Henry Richards, Kt., C.J. and Banerji, J.
1. The only question which has been argued in this appeal is whether or not the mortgage sued upon was duly presented and registered in accordance with the provisions of the Indian Registration Act. The document was in fact registered. It has an endorsement that it was 'presented' for registration in the office of the sub-registrar. Below this is the name of a person which is variously read as Santh, Natha, or Sehua. He is described as the servant of the mortgagee. The mortgagor in answer to the interrogatories served upon him admits that he was present when the document was being registered and when it was handed over to the sub-registrar. He cannot remember apparently who actually handed over the document, but he says that some person whose name, probably, was Santha, handed over the document. It is clear, however, from the admitted facts in the case that at the time of registration the mortgagor was present assenting to the registration of the document, with full knowledge of what was being done in the office of the sub-registrar. The real question for consideration is whether or not these circumstances amount to a 'presentation' within the meaning of Section 32 of the Indian Registration Act. Both the courts below have dismissed the plaintiff's suit on the preliminary point that the mortgage was not duly 'presented' for registration. There has been some conflict of authority on this question and the point was very fully argued recently before a Full Bench of the Court, but unfortunately no decision was pronounced by the Court on the question now before us, the case turning on another point. In the case of Nath Mal v. Abdul Wahid Khan (1912) I.L.R., 4 All., 355, a case in which the facts were very similar to those of the present case, it was decided that where a person who was authorized to 'present' a document for registration was present assenting to the registration, the mere fact that his was not the hand to give the document to the sub-registrar did not prevent the document being regarded as duly 'presented' within the meaning of the section. No doubt a somewhat contrary view was taken in the case of Jambu Prasad v. Aftab Ali Khan I.L.R., 34 All., 331. We think under all the circumstances we are entitled to consider the question on its merits without feeling bound by authority, particularly as we have had so recently the benefit of the very full arguments advanced in the Full Bench case to which we have referred.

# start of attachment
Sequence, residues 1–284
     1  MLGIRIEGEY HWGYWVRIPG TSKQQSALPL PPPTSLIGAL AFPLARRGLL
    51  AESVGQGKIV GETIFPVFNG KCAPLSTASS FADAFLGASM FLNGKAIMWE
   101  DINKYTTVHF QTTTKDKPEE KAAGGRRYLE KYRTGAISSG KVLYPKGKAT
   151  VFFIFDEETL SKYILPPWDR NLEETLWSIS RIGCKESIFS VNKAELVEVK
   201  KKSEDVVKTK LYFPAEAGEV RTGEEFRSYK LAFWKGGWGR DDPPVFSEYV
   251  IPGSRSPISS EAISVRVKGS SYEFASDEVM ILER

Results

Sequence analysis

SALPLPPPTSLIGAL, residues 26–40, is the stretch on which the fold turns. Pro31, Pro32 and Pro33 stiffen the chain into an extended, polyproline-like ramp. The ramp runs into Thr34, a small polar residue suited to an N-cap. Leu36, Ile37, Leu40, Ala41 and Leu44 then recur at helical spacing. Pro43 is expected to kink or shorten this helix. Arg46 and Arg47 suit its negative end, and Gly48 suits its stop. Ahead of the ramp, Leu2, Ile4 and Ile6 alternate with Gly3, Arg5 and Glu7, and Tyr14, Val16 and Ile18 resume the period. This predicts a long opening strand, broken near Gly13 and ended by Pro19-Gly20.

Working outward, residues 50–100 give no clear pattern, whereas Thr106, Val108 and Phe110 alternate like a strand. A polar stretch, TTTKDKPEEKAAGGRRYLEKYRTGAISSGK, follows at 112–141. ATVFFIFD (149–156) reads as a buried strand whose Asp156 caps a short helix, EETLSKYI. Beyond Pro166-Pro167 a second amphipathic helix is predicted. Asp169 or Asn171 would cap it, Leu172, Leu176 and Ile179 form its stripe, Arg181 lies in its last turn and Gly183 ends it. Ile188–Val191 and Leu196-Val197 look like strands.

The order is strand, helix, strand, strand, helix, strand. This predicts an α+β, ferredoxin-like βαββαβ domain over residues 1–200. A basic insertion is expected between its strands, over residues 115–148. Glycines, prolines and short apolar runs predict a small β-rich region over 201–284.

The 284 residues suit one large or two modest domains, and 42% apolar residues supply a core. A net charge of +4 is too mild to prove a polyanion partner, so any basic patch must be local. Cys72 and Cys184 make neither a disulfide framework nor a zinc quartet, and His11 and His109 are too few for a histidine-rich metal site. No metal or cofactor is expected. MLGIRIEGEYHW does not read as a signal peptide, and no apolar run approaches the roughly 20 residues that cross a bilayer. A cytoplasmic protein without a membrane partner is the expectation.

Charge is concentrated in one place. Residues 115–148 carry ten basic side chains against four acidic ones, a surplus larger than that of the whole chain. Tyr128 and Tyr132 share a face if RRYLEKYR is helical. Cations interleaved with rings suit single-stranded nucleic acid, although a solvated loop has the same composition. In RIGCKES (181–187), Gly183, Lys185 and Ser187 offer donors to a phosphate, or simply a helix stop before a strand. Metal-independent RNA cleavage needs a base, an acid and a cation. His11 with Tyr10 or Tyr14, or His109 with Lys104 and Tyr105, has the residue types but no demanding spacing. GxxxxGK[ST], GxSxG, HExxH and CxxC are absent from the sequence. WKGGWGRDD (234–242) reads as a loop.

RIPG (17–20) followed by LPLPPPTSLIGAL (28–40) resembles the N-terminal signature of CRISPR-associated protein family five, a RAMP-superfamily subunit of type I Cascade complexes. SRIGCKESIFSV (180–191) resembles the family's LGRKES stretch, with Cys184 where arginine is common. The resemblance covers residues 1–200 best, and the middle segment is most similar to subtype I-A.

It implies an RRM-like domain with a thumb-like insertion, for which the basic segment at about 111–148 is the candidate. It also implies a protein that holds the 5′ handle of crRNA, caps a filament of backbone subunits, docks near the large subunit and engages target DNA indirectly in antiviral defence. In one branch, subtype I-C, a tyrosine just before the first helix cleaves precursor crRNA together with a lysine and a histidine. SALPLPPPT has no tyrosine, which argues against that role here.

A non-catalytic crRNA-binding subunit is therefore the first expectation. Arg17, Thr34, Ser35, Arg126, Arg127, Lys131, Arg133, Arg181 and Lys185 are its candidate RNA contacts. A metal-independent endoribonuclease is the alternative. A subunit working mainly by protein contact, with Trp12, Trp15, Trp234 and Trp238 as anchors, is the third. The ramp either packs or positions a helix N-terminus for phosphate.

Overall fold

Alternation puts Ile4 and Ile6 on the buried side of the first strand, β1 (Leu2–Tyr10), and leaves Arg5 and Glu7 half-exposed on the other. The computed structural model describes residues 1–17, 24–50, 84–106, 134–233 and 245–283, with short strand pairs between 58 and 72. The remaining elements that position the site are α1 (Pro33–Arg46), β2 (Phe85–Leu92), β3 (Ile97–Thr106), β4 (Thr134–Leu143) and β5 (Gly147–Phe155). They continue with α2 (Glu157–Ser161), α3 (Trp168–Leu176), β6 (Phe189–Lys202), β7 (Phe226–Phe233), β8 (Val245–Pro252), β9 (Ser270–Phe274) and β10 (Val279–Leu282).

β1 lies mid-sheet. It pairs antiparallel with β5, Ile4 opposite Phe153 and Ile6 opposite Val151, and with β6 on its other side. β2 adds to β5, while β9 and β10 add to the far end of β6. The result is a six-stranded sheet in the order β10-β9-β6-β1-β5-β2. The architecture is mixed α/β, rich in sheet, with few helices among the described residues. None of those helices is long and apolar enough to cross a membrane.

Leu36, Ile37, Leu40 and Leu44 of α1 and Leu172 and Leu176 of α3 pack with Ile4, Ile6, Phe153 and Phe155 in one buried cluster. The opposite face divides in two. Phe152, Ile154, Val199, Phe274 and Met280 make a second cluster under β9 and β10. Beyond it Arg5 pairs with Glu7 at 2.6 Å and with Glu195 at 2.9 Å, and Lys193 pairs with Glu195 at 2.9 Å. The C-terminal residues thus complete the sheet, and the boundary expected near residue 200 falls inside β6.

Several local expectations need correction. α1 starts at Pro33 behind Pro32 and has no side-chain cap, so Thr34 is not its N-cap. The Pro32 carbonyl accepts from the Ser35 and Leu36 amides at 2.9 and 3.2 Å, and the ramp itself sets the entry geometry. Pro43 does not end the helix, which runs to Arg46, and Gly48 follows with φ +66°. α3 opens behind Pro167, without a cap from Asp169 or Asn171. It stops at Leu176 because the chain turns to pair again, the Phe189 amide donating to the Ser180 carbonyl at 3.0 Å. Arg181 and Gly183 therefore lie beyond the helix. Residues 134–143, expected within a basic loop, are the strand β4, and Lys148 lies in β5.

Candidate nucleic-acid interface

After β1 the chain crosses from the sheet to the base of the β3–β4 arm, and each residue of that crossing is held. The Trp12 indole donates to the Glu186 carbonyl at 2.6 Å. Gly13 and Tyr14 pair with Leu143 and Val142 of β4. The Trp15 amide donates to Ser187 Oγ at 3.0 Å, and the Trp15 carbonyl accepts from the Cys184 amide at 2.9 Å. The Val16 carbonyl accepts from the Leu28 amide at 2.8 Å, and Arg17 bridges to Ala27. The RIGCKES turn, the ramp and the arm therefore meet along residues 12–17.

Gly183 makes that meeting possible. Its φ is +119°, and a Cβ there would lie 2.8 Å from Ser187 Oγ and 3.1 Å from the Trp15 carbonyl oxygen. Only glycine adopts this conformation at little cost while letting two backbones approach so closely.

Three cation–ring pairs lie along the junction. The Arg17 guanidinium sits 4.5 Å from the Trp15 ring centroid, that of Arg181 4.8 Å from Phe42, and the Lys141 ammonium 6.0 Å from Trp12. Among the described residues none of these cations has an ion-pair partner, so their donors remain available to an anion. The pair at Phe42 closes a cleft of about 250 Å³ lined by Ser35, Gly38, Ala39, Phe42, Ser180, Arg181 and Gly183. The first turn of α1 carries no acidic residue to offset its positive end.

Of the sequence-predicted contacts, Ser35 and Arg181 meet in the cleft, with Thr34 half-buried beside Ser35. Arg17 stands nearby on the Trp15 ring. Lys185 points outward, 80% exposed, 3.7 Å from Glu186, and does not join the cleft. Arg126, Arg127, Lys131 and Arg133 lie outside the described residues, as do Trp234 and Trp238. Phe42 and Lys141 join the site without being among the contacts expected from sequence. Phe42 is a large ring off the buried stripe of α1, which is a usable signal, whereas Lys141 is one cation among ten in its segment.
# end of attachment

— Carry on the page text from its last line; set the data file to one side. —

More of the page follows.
2. The Privy Council decision in the case of Mujib-un-nissa v. Abdur Rahim (1901) I.L.R., 23 All., 233 has in our opinion no application to the circumstances of the present case. In that case the person who presented the document had been the attorney of a deceased person who wished to execute and register a deed of waqf. Before the document was presented for registration the donor of the power of attorney had died. Consequently the person presenting the document for registration had no authority from any one to present the document, nor was there any other person present who could have legally 'presented' the document for registration. We think that the remarks of their Lordships in this case must be read and understood in connection with the facts of the case which were before them. After full consideration we see no reason to depart from the view which we expressed in the case of Nath Mal v. Abdul Wahid Khan (1912) I.L.R., 34 All., 355. We, accordingly, allow the appeal, set aside the decree of both the courts below and remand the case to the court of first instance, through the lower appellate court, with directions to readmit the case upon its original number in the file, and proceed to hear and determine the same according to law. Costs here and heretofore will be costs in the cause.